We are all Americans, exclaimed the Danish director Lars von Trier at the press conference in Cannes where his new movie Manderley was shown yesterday. Really? Well, let’s keep this posting in English then just to go along with this although it looks more like an attempt to buttress the usual anti-Americanism displayed in main stream movies.
True to form, Lars denounced President Bush as an “asshole”. There, that’s telling them! No argumentation offered and none was probably expected by the privileged audience who last year greeted Michael Moore with a standing applause. How noble of Lars to say exactly what people expected him to say, how courageous of him to take the same position as the entire established movie world and all the moneymen of Hollywood.
The movie itself has not yet been aired in Denmark, so we have to rely on the reports from Cannes. Apparently, Lars is grabbling with an issue that is important at least to some parts of the Left. Having opposed the liberation of Iraq and thus effectively supported the continued reign of madman Saddam Hussein, what is one to think of the current situation, where a democracy is taking root supported by the vast majority of Iraqis and where the only opposition left hardly qualifies as ?insurgents?, a point made embarrassing clear by Christopher Hitchens in yesterday?s Slate.com. The question is made even more pressing by the fact that for many on the Left this is not the first time they have wound up on the wrong side of the democracy/tyranny divide since the end of the Cold War. How to preserve one?s self-image as a humanitarian?
The answer to this conundrum appears to be that democracy may not be all what it is cracked up to be. Maybe uneducated Iraqis think so and risk their lives in the thousands in doing so, but a sophisticated artist like Lars knows better. And so Lars grabs back to the dear old story of Uncle Tom with all the subtle questions that is connected to that story. Was slavery really that bad, wasn?t the black slaves in many ways better off than the oppressed workers of the industrialised North, etc. ad nauseam.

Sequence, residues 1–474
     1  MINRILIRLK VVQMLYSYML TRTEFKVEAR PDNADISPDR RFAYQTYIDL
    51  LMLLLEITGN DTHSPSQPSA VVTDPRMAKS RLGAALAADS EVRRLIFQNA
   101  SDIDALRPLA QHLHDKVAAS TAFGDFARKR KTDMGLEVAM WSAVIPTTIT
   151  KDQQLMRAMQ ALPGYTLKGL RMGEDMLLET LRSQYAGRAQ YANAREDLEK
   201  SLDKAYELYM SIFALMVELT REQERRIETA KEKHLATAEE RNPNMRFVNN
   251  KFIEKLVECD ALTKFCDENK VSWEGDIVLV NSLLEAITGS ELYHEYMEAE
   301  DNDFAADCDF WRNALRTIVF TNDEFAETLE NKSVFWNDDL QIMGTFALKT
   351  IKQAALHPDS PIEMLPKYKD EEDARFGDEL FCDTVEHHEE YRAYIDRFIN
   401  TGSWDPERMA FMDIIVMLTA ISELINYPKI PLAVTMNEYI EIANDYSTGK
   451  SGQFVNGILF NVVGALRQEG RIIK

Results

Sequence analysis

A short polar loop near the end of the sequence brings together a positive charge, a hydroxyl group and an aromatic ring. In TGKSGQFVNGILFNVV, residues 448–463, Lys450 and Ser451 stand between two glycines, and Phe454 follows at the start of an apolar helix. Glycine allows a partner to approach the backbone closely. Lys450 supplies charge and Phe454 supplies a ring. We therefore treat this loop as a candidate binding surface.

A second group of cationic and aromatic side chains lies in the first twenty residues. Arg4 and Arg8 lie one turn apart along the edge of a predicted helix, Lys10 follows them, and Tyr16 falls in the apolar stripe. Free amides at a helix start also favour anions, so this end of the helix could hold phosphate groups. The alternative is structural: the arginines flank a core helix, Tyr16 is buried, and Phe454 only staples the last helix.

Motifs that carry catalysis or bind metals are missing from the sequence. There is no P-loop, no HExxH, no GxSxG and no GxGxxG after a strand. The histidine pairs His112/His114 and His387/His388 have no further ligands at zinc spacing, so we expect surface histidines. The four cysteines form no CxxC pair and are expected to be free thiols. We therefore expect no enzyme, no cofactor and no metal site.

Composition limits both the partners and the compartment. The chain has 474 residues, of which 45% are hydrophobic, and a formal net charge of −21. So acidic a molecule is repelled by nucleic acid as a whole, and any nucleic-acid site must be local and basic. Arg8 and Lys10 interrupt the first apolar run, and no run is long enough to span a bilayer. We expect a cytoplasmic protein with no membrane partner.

To fit the first part of his trilogy, the story has to be set in the 1930’s where slavery had been banned in no small part due to that wickedly belligerent President Lincoln, another Republican determined to impose his unilateralist view of the world on others irregardless of their specific cultural differences. But in Lars? movie, the slavery continues in this particular place which is not that odd, at least not compared to the rest of the story.
Then in this blissful state of enlightened slavery idealistic but heavy handed foreigners arrive to ?liberate? the slaves; note the quotation marks, this is art you know. And naturally mayhem follows.
Obviously, this is a story about Iraq. All was nice and quiet for years, Saddam and his henchmen were going about their jobs filling mass graves with Iraqis, when all of a sudden they were brutally invaded and democracy forced upon them. Now, how can we expect something like that to end well? Just because it did the last time we forced democracy on liberated and even defeated countries after WW II, it is by no means certain that it will work again. At least we should not expect any gratitude from the Iraqis in the future as the French and Germans do their outmost to show at any given chance, not least in film festivals like Cannes.
Well, the movie itself may be good, even if the story is rotten. Gone with the wind is a case in point. But it will probably say more to those on the Left who opposed the war in Iraq. To the rest us of Danes, the soldiers risking their lives in Iraq helping build democracy there, the 75 pct. who in a survey conducted in January even before the Iraqi election supported our military presence in Iraq and the majority of the electorate who in February re-elected our pro-war government, the movie is probably less soul-searching.